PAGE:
Was I also the only one who got the impression that there was a "Come on, we all know gays shouldn't be allowed to talk to kids about stuff"-tone or undercurrent through the piece?

    I think he made some great points when he argued against her positive statements about "blessing friendships" or whatever the preferred term is forming exclusive friendships. That made sense because he was countering something she put forth in a definite way. The rest seemed like he was arguing against his general impression of what she was "really trying to say" and cherry-picking brief snippets that almost fit.

    Again, I would have liked to read her piece.

    1. Thanks Joshua - that 's a good insight. I think when I said in my post about 'hearing' what Deacon Jim wrote - I meant it in the sense of his emphasis on how Catholic Youth Ministry should be handled/conducted - but I see what you mean saying 'Was I also the only one who got the impression that there was a "Come on, we all know gays shouldn't be allowed to talk to kids about stuff"-tone or undercurrent through the piece?'

      Perhaps that tone is present, yet the same tone is fired back at people like Deacon Jim whenever clear teaching is presented. I don't know if you remember the Dominican nun who spoke to a school assembly and received a lot of blow back for being anti-gay. Often speakers are simply trying to cover all their bases so they can speak directly to an issue without sidestepping to pacify sensibilities. The blow back that Archbishop Cordilione in SF is another example of how this issue gets sidetracked. I'm not sure if that makes sense or not.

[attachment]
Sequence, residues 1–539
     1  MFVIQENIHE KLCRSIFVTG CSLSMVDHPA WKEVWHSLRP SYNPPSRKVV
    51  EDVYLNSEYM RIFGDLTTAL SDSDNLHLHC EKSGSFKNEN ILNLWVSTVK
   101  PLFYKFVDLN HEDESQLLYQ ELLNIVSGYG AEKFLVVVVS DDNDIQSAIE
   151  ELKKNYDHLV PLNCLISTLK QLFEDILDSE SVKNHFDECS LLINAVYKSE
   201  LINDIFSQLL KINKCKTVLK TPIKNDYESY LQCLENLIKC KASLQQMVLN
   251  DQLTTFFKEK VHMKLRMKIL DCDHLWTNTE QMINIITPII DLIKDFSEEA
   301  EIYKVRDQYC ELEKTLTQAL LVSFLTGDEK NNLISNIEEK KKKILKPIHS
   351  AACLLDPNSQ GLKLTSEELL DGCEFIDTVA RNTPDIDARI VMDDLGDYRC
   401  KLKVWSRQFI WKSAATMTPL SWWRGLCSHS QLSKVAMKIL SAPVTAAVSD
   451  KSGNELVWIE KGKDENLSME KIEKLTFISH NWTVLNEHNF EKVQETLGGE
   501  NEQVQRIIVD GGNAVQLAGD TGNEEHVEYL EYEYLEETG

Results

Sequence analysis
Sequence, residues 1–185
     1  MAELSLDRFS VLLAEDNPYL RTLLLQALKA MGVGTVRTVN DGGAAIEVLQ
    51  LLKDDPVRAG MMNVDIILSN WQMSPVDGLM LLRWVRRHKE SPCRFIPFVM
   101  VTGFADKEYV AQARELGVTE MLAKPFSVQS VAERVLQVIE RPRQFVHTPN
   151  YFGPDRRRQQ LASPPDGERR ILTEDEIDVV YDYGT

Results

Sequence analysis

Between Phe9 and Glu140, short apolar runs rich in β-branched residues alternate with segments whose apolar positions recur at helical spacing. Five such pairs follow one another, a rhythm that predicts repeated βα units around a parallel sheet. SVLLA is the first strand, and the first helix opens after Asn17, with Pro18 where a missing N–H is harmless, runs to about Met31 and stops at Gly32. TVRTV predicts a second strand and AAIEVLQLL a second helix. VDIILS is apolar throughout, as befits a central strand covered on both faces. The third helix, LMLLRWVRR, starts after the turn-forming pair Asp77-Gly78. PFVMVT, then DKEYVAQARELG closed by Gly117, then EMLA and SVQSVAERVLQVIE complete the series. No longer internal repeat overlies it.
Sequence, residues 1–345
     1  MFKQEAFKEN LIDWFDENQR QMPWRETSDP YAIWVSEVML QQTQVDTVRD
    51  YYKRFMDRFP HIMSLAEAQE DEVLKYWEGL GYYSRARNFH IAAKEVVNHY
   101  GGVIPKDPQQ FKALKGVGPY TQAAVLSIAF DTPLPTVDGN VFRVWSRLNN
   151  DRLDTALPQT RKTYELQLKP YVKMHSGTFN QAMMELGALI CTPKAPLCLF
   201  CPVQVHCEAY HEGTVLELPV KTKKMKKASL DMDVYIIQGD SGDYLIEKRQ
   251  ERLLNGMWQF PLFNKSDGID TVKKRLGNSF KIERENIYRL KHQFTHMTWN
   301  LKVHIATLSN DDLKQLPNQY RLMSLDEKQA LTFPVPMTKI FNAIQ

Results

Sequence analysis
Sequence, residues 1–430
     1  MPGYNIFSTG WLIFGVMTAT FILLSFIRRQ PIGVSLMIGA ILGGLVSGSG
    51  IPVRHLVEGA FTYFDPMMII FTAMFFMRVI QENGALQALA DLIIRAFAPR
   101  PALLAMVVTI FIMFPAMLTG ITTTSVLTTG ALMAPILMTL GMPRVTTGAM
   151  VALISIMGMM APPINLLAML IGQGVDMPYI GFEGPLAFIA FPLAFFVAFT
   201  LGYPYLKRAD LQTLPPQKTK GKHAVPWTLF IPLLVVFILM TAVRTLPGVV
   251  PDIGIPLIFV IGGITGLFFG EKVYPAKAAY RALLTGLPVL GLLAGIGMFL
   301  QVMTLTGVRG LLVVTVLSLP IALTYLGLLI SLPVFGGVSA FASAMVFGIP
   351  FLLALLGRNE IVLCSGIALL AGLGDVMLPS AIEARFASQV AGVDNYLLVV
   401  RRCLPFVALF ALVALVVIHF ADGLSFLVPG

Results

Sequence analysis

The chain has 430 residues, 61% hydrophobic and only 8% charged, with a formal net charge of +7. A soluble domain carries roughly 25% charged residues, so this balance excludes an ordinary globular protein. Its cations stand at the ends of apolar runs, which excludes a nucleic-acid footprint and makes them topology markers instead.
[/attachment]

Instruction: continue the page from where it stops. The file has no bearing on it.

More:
Tushnet and Spiritual friendship writers need clarification and it seems to me Deacon Jim does a great job challenging their message - sifting it for clarity, as it were. The debate, the dialog is good and the truth of the matter will be revealed, I'm confident about that.

      Thanks for contributing and voicing your disagreement and misgivings.

    2. Instead of "yet the same tone" I should say a similar negative tone is proffered when traditional catechesis is presented. There is a resistance to the same old, same old teaching as being out of date or not evolved or developed enough to be relevant to the new dimensions of fidelity to Catholic teaching.

  4. I trust Eve's judgment faaaaaaar more than I trust Deacon Jim's.

    1. It seems a lot of people feel that way - but I find him to be very understanding of Catholic teaching on the subject. I really think his concern is how young people are catechized on the issues related to same sex attraction - although after reading about the LA Religious Congress and what was offered there by Fitzmaurice I can see why Deacon Jim's offerings are resisted.

      Frankly, I'm not in anyone's camp on these issues - I cite that which corresponds to my understanding of Catholic teaching and practice - what I've come to understand. I tend towards the Courage model which emphasizes holiness of life and chastity. I'm not as concerned about terminologies as everyone else seems to be, and so on.

      Like I've maintained, Eve has good things to say and I think Deacon Jim attempt to keep it on track. I have great respect for him. I'm not sure why people seem to reject Deacon Jim.

      Thanks Mark.